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 345th Infantry Regiment

Remembering My Friend, Malvin Vigneault

By Dan Rossiter
I-345


From: The Golden Acorn News


Much in one's life happens by chance, subject to forces outside one's control, and it's surprising that a lot of it is good, not so surprising that some of it seems bad and strange.

My short extraordinary friendship with Malvin Vigneault began over half a century ago when some obscure clerk cut orders for two basic training graduates from Ft. Benning to satisfy a manpower need in Company I of the 345th Infantry, then being reactivated and fattened and trained at Ft. Jackson, South Carolina. He cut the orders as he did, and unconcernedly paired our destinies.

Friendship is, in the end, inexplicable. It starts because bunks happen to be across from one another, first words are vaguely right, each sizing up the other and finding nothing wrong.

He was from Manchester, New Hampshire. I was from New York City. He smoked pipes which he rubbed against his country nose to make them shiny, and I blew cigarette smoke through my nostrils to look tough and streetwise, appropriate for a born citizen of the Big City. We had nothing in common except our youth and, now that I look back on it, the terrible shared hunger of youth to experience everything and more. We knew we were young and living in exciting times and did not worry about the consequences for doing so; we did know that most of what would come afterwards would be anticlimactic, a whimper to the intensity we were to be given so early on a silver platter.

The South Carolina days were sweaty and uncomfortable, sand and scrub oaks, chiggers digging in under your belt, and frequent doses of sadism masquerading as military discipline.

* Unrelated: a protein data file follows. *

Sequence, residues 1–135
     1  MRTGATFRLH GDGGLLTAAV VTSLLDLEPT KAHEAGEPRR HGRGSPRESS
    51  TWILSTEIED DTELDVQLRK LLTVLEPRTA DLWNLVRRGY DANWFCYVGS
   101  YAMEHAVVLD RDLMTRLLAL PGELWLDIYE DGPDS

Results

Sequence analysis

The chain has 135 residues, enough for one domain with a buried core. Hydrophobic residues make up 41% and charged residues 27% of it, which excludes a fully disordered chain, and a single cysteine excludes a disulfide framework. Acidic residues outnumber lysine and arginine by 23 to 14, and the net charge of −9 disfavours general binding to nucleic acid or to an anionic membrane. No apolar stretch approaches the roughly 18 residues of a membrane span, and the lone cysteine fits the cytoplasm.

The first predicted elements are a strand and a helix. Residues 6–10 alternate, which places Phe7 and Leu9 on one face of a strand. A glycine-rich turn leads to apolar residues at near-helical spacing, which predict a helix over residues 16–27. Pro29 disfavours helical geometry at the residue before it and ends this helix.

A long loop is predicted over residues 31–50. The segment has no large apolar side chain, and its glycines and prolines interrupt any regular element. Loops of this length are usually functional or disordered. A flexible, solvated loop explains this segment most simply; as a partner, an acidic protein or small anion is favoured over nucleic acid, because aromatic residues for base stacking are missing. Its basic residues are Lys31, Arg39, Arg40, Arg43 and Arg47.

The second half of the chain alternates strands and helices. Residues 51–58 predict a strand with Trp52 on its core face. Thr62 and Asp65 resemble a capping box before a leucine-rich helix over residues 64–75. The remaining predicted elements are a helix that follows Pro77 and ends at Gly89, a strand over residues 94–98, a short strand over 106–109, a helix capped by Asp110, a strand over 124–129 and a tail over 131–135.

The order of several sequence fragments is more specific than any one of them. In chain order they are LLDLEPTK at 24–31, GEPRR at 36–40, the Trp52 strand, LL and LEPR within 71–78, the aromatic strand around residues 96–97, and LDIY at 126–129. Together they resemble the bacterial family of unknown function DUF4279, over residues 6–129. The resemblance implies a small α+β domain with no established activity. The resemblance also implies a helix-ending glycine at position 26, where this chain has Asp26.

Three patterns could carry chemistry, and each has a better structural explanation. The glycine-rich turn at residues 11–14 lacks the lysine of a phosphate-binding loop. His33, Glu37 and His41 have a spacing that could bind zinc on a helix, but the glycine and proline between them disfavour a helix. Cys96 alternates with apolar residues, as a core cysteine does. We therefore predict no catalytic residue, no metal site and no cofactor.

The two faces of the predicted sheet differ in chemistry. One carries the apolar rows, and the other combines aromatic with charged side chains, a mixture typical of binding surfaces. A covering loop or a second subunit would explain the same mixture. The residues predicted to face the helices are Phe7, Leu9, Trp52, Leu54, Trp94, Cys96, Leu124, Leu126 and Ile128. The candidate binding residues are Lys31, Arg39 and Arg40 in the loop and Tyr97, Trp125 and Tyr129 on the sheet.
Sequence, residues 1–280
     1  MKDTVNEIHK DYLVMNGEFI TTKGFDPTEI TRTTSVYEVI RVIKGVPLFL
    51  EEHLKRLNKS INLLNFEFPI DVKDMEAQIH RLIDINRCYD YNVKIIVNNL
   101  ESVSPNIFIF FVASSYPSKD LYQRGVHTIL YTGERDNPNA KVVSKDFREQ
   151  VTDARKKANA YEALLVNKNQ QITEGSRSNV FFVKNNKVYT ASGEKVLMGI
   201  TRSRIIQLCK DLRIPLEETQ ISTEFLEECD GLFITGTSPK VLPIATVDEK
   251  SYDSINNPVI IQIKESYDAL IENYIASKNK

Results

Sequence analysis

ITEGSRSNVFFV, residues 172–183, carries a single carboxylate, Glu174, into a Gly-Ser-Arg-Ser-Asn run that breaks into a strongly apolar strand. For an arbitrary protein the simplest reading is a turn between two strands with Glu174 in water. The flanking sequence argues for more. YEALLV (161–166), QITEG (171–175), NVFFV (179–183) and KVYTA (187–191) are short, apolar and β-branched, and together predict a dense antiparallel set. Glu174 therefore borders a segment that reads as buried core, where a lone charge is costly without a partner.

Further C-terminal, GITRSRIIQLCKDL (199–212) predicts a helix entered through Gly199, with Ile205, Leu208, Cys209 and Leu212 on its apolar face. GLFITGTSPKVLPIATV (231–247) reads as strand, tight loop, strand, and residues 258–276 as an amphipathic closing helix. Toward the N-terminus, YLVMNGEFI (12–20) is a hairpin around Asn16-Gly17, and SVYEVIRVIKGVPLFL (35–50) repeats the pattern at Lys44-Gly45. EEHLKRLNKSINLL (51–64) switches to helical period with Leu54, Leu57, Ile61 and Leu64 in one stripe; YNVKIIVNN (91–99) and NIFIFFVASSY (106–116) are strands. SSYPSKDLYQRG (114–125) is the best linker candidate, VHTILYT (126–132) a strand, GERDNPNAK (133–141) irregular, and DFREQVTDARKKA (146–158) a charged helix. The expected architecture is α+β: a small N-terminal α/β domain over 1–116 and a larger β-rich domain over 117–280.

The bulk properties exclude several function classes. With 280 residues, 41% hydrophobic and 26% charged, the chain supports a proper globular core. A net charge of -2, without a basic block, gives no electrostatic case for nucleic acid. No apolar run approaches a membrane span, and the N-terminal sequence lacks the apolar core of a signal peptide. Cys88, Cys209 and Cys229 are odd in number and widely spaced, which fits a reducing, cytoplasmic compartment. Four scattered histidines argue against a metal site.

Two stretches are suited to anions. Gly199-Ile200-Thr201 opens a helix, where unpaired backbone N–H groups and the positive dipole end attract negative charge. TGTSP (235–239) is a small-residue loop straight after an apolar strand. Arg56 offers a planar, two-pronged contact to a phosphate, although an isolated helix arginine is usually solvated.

But, there was also some precious time off in Columbia. I recall the pleasure in wandering the streets and seeing a curious world quite ordinary to other human beings. Each of us had other friends, of course. He more than I. He exuded a non-threatening, non-judgmental understanding that made him welcome anywhere. I was more frenetic, impatient with the slow-paced world.

One night in Columbia we were lured into a photographer's shop to have our picture taken together-"Hey, soldiers, how about a souvenir picture?" The backdrop was a canvas on which was painted a phony bar, the props provided were liquor bottles and glasses. I had a fifth, he holds a glass, and we look at one another. My left arm is around his shoulder. Neither of us knows that in a few short months I would be wounded and he would be dead.

Then shortly afterwards we were overseas, landing on a misty morning in Scotland, getting closer to the action. But Britain, that civilized gentle country, was new to us and almost as exciting as smelling Cordite nearby. The British were so graceful and grateful about our presence. We lived in a Territorial Army barracks with straw for mattresses in the town of Leek in Staffordshire. Calisthenics in the cold November fog in the morning. In wartime everything moves fast, because that's what we want it to do, and the welcome mat was everywhere. Just looking at books in the public library would result in an invitation to have tea with the head librarian. In the pubs it was difficult to pay for a drink.

In wandering, we were picked up by an elderly couple at the Congregational Church and given supper and invited back again and again. We gained surrogate parents, and they, childless, gained two sons, all in the space of two or three short weeks. (After college I went back and lived with them for a time, and one winter I even rented a farmhouse near Leek. That town became home to me in a very real sense. Or was it that Malvin's ghost was there?) All that remains of that period in time are dripping November trees, tiny row houses, fog, vague streets in the blackout, and helpful Air Wardens with shielded torches.

Then we crossed the Channel. The seven hills of Metz brightening red with artillery fire. Our fire, or their fire? No one knew.

 
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